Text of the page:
If a trunk is damaged, we have to replace it at some point at great expense. The living tree is much trickier. It forms ribs and bulges in places that are under heavy stress from the environment. If cracks do occur, the strong internal pressure in the cell tissue ensures that new biological material immediately swells into the damaged areas and closes them. Researchers at the University of Freiburg are working on this principle to develop a self-repairing foam for the air-filled membranes used in halls and sports stadiums.

The sea urchin must know

Elsewhere in the south, in the Energy Efficient Planning and Building degree programme at Augsburg University of Applied Sciences, young engineers are exploring the possibilities offered by models from nature. Who would be a better mute expert on stable structures than the sea urchin, whose survival depends on a shell to protect it from predators? A pavilion is created from polygonal, interlocking panels using a segmental construction method, which is not only resistant but also comparatively light. Another project is modelled on the natural movements of plants. Pneumatic actuators are used to create a shading system for complex curved façades that largely manages without joints and thus minimises its own wear and tear.

Green sustainable housing: nature house

Growing architecture

Learning from nature is one thing, but scientists are also investigating another approach: integrating living forms into architecture. In the EU research project flora robotica, an interdisciplinary team is working on using computer-controlled lighting to encourage plants to grow in complex shapes.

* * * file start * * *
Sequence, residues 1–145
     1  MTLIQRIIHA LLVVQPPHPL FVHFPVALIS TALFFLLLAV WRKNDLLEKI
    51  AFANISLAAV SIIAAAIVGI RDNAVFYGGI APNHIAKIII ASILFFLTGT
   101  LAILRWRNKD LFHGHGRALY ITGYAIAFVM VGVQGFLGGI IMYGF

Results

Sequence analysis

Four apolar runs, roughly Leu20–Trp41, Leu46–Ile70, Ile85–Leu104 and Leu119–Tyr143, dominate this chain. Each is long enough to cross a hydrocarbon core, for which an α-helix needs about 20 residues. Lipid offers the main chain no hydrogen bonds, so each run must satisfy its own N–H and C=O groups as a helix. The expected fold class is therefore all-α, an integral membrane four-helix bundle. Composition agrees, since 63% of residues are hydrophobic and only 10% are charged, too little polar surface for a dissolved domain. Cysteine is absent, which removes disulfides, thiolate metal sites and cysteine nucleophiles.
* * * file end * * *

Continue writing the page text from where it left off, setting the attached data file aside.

The goal: a colony of plant-robot hybrids that work as a self-organising system. The structures that emerge are extraordinary. The idea of actually integrating such systems in the construction of houses naturally raises many questions. Firstly, the speed of growth: it would take decades to construct buildings on this basis. And plant growth is finite, so it sets the material limit at the top.

Nevertheless, with sufficient ingenuity, shapes created in this way can certainly be used in interior design, even if only as a unique, decorative element. The integration of nature and technology is still largely in its infancy; who knows what possibilities genetic engineering, for example, can still contribute to such a system. On the other hand, a research project for building botany at the University of Stuttgart is already a little closer to practical applicability. Growing trees are to be integrated into the architecture and, for example, replace or at least supplement beams made from traditional materials.

Green sustainable housing - mountain house lake